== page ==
Civil Discourse and Acts of Acceptance
2011 Hours Against Hate is a campaign with the goal of countering bigotry and promoting tolerance across lines of culture, religion, class, origin, gender and race. It has be launched by Special Representative to Muslim Communities Farah Pandith, and Special Envoy to Monitor and Combat Anti-Semitism Hannah Rosenthal. They spoke about the campaign in a town hall meeting hosted by George Washington University’s Elliot School of International Affairs, on Friday.
Though both women work for the State department, they did not meet until after the foiled Time Square bombing, when Rosenthal came to Pandith to offer what help she could in mitigating possible backlash against Muslims.
Pandith and Rosenthal both work largely with communities outside of the US and they came together again as part of a State Department delegation to a conference on tolerance in Kazakstan. Each was set to give a speech on tolerance, Pandith on Islamophobia and Rosenthal on anti-Semitism. On the day of their address, they decided to switch speeches because, as Rosenthal says, “The messenger matters…When a broad array of people speak out for a community, that gets attention.”
This is the thinking behind 2011 Hours Against Hate which asks people to volunteer on behalf of someone “who doesn’t look like, live like you, or pray like you,” as Rosenthal put it during Friday’s Town Hall meeting. While begun by the State Department, the campaign is entirely online and Pandith and Rosenthal hope that people will use the loose guidelines to make it their own. The worldwide campaign is especially aimed at young people who may be dissatisfied with the state of tolerance in their communities but feel powerless to do anything about it. “You may not have a disposable income to write a check,” Pandith said. “But you can give your time.”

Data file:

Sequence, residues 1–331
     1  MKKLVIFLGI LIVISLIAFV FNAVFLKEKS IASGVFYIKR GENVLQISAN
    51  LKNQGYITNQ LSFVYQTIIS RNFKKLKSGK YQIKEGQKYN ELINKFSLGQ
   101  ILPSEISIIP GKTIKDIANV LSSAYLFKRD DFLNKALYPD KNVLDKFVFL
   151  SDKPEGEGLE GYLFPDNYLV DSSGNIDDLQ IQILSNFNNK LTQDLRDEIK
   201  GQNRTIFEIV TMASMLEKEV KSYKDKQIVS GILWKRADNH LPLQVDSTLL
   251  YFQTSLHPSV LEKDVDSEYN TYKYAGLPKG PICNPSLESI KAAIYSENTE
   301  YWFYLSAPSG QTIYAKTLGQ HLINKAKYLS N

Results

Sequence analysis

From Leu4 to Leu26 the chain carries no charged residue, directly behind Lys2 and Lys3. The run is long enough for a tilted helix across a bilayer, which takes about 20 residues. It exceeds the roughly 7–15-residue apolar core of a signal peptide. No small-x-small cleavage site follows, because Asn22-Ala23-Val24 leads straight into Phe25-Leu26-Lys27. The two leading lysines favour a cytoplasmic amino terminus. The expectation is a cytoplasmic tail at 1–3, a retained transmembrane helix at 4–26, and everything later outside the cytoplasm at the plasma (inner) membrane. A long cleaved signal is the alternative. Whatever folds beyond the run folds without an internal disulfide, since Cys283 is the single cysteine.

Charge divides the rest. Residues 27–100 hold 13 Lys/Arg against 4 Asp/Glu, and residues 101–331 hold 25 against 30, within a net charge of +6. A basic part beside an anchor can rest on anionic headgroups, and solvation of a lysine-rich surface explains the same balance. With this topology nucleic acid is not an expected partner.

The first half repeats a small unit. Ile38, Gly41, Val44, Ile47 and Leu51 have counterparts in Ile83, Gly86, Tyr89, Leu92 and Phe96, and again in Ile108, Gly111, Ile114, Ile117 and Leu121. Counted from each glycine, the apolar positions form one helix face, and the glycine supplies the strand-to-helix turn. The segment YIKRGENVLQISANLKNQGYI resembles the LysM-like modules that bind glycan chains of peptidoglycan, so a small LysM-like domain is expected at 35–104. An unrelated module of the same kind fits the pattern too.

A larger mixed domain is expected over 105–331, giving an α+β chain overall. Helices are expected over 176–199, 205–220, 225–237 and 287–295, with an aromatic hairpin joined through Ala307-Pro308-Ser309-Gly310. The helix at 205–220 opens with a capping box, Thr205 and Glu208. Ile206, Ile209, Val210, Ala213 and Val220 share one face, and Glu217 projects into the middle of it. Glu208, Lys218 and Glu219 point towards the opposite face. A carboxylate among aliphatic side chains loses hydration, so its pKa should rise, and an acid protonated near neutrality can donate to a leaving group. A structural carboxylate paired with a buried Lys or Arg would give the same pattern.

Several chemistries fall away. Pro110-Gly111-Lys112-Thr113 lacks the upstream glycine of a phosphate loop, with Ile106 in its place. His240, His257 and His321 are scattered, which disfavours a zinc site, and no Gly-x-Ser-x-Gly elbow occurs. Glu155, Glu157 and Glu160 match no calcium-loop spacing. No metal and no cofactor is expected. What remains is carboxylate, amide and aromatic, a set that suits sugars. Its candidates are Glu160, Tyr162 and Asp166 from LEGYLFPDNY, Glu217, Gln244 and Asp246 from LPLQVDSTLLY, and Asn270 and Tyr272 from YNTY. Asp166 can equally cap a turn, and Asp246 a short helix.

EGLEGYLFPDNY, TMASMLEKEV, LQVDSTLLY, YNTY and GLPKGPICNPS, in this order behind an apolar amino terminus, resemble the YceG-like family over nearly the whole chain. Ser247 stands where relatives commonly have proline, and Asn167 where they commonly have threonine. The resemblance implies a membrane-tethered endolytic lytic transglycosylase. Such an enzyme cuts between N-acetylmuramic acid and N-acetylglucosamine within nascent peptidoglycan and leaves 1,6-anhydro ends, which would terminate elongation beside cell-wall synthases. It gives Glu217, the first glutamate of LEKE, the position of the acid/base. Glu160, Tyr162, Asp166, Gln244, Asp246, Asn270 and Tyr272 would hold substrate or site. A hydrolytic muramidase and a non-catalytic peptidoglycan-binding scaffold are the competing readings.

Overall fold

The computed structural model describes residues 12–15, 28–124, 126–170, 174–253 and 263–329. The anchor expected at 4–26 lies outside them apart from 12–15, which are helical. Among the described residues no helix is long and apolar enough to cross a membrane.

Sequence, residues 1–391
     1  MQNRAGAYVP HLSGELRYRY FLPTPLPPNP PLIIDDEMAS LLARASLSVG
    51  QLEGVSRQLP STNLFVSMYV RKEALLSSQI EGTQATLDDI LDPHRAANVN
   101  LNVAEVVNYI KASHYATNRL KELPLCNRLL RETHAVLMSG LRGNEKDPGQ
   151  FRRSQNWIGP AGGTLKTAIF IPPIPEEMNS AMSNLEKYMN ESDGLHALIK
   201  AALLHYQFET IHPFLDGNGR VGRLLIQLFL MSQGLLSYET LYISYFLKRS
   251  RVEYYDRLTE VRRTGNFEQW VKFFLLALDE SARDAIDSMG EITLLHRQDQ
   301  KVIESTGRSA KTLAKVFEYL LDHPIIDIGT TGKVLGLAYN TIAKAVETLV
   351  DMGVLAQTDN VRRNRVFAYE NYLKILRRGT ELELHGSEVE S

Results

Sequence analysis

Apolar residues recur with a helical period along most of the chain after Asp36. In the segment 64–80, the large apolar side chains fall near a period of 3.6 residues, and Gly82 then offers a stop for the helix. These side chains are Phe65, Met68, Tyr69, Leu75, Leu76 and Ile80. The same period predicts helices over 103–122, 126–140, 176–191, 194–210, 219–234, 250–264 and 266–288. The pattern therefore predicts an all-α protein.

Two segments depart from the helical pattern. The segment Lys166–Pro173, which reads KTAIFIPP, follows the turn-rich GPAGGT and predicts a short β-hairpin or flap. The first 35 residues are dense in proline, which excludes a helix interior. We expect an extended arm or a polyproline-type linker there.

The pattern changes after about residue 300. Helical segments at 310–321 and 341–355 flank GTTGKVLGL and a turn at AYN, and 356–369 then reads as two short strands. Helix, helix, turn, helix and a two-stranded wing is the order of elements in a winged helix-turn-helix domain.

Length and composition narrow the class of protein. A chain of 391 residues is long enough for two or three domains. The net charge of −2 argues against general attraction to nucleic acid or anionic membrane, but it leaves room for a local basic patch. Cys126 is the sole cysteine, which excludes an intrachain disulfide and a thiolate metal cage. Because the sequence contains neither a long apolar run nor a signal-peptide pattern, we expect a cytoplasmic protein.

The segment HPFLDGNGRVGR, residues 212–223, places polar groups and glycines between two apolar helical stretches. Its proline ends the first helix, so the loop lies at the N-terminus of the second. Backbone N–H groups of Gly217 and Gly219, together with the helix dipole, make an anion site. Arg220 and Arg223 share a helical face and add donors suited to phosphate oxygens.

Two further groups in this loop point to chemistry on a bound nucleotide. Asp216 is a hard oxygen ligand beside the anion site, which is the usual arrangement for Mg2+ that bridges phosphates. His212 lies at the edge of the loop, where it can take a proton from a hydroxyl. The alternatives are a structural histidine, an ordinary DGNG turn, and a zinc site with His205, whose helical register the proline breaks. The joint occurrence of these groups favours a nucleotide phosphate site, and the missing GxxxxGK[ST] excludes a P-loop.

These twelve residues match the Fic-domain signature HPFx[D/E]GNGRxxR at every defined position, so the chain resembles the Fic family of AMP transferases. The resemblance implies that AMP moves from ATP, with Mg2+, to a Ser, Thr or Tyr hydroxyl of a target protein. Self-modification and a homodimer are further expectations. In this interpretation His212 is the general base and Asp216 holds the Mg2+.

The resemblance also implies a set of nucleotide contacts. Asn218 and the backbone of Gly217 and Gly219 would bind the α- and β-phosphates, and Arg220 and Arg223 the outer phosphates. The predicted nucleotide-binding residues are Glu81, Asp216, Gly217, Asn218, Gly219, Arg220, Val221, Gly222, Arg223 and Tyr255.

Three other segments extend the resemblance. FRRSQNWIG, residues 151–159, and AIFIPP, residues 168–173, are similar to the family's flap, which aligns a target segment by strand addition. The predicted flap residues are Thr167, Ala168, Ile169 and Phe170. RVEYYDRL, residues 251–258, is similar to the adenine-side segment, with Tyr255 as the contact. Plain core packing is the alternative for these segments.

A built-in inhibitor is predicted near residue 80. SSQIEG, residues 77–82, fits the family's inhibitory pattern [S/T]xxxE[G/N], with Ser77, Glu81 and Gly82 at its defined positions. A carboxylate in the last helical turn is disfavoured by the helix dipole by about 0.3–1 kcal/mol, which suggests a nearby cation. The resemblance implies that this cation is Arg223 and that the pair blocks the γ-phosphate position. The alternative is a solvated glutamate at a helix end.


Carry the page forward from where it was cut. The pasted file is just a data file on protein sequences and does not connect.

To participate, people simply pledge a certain number of hours toward volunteer service. A Muslim teenager might pledge to help a Catholic youth group; a black college student might pledge to tutor recent immigrants in English. You can start a group project or volunteer individually.
You can become a part of the campaign on Facebook or Twitter, with the hashtage: #2011AgainstHate
The campaign, which officially launched at the Organization for Security and Cooperation in Europe (OSCE) in Vienna, in February of this year, uses online networks to mobilize, “what happens online is increasingly important,” Rosenthal says.
Where 2011 Hours Against Hate aims to turns online activity into real-world actions, another new organization, Civilination, aims to change the way people interact and engage while online. They want to put a stop to online bullying, harassment and abuse like the negative comments that followed these news stories.
Last fall we honored National Endowment of the Humanities Chairman, Jim Leach with a Common ground Award for his mission to reinvigorate America’s public discourse with some much needed civility. Civilination has similar goals thought they are concerned with the online sphere, where anonymity often makes vitriol greater.
Wikipedia founder, Jimmy Wales, who sits on the Civilination Board of Directors, speaks about why he’s taking a stand for civil discourse online:
Among other initiatives, Civilination offers lectures and outreach to universities, organizations and online communities as well as awards for those who promote and contribute to “cybercivility.”
As Hannah Rosenthal put it, online or in the real world “holding people accountable who spew hatred, is everyone’s responsibility.”